George Ovashvili returns with an examination of humanity and power set in a remote and beautiful Georgia


Dir. George Ovashvili.  Georgia/Germany/France. 2017. 98 mins

Ostensibly based on the final few months in the life of Georgian President Zviad Gamsachurdia – who, after only a few months in office, was deposed in a 1991 coup – the latest film from George Ovashvili initially feels as if it’s historically accurate. But as Khibula goes on, it becomes apparent that Ovashvili is less concerned with presenting a straight political biopic and more with deconstructing the symbols of power and examining the individual behind said symbols.

Those who are prepared for an existential examination of power as opposed to a lesson in Georgian history will find much to admire here.

Khibula sees Ovashvili returning to compete in Karlovy Vary – where he won the festival’s top prize in 2014 for the film Corn Island. Running on the strenght of his name, and the fact that Georgian cinema is currently enjoying something of a mini-renaissance, a healthy festival run seems assured alongside some interest from arthouse distributors.

The President (Hossein Mahjoob) has been deposed in a coup. Fleeing to the mountains with a group of loyal followers and soldiers, he is sure that he will be returned to power soon to lead his people. As he and his retinue trudge through inhospitable terrain, worrying about advancing rebel forces, the only respite they have is to stop in small villages and find shelter. In these uneasy moments, the President reflects on his situation and his belief that his power will be restored. But as the journey once again continues he begins to wonder if his conviction is misplaced.

From its very opening shots, Khibula presents us with an individual who is somewhat out-of-kilter with the rest of the world. As his followers march around him, all decked out in army fatigues, the President strides through the landscape with a smart coat and a briefcase. His status as being somewhat removed is reinforced by the fact that he is never referred to by name throughout the film: he’s just ‘Mr President’. His position as a figurehead and a leader is more important than his humanity.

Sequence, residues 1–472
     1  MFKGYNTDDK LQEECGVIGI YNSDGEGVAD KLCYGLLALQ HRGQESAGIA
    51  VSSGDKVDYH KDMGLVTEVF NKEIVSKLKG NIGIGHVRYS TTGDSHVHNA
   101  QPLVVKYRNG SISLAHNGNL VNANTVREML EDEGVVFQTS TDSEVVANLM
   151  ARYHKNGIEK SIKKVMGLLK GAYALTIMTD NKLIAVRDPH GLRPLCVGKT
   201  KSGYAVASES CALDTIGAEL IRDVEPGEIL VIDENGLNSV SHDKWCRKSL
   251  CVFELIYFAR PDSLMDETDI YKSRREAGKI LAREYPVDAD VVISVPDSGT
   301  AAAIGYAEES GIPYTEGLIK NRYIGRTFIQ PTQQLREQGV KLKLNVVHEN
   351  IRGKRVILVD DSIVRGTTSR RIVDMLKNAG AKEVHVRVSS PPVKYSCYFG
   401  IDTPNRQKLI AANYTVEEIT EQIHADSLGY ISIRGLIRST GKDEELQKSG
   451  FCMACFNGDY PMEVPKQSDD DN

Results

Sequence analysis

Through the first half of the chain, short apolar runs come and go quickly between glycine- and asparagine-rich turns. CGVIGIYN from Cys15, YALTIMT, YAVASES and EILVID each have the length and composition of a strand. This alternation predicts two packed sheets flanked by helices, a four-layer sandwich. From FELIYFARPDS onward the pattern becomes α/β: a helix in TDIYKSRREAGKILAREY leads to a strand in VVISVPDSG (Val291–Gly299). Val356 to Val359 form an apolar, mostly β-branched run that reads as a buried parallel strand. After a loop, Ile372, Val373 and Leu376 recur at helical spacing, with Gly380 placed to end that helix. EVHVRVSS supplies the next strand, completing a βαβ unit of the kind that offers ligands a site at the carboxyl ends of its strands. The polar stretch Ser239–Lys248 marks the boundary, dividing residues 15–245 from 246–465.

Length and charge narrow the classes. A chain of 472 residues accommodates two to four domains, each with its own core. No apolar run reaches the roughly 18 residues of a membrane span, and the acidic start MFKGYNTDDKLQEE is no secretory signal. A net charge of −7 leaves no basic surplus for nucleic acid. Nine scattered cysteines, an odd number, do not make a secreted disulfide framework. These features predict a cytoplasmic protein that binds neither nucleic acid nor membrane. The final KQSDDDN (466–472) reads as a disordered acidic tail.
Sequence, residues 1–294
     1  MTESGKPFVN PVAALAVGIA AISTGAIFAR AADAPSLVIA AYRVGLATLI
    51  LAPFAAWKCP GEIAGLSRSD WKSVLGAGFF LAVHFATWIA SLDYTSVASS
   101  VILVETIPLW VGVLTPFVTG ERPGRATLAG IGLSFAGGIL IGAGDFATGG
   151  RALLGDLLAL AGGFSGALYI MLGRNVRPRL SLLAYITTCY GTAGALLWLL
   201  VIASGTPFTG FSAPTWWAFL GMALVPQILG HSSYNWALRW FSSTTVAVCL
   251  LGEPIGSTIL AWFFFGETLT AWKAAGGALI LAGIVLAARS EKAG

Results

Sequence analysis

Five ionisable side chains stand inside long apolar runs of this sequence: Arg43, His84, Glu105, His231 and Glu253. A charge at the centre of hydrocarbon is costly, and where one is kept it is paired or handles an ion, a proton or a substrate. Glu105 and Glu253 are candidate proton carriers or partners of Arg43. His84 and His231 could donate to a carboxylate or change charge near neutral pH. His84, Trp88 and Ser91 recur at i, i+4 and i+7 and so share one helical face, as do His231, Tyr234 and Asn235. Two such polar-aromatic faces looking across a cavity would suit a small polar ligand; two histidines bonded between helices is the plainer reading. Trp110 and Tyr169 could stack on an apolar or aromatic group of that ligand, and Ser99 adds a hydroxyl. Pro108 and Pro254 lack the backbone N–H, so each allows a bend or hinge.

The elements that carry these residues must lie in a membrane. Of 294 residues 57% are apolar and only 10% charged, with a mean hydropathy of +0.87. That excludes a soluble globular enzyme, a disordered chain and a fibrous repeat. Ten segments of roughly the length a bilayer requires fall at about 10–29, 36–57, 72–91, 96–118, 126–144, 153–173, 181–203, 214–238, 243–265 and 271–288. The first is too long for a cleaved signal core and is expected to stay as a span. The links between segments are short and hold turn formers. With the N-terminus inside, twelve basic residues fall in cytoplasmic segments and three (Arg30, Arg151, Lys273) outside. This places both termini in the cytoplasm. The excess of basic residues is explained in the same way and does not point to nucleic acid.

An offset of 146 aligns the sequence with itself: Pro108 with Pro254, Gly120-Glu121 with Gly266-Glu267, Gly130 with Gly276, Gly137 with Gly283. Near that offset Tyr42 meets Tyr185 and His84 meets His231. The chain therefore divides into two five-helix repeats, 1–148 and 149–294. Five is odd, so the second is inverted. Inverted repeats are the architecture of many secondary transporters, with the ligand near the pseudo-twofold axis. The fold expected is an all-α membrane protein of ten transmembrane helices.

But as the film wears on and the situation becomes gradually more untenable, he gradually divests himself of the symbols that represented his power and his character begins to emarge. His humanity is emphasised in the final shots of the film as he cuts himself shaving – the former man of power now bleeding.

Mahjoob does a wonderful job in the lead role, eschewing a depiction of arrogance and instead portraying a man of quiet dignity who does not quite understand the circumstances that have led to this situation.  The moments of introspection and interaction with local villagers also reflect a man of determination and the belief that he is doing right. It’s only when caught in a seemingly endless cycle of escaping and hiding that his self-doubt begins to seep through.

Enrico Lucidi’s cinematography is also impressive, lending the remote Georgian mountains a brutal beauty. He also makes good use in the shifts of space, from the wide open forests and mountain ranges to the small and claustrophobic villages as the contrast between the grand and the intimate reflect the juxtaposition between the President’s status and his humanity.

Some may find the lack of historical context frustrating – most concrete information is given out in snippets, via reports on the radio and the like – but those who are prepared for an existential examination of power as opposed to a lesson in Georgian history will find much to admire here.

Production company: Alamdary

International sales: Pluto Film Distribution,

Producers: George Ovashvili, Eike Goreczka, Christoph Kukula, Guillaume de Seille

Screenplay: Roelof-Jan Minneboo, George Ovashvili

Cinematography: Enrico Lucidi

Editor: Sun-Min Kim

Music: Joseph Bardanashvili

Main cast: Hossein Mahjoob, Kishvard Manvelishvili, Nodar Dzidziguri, Zurab Antelava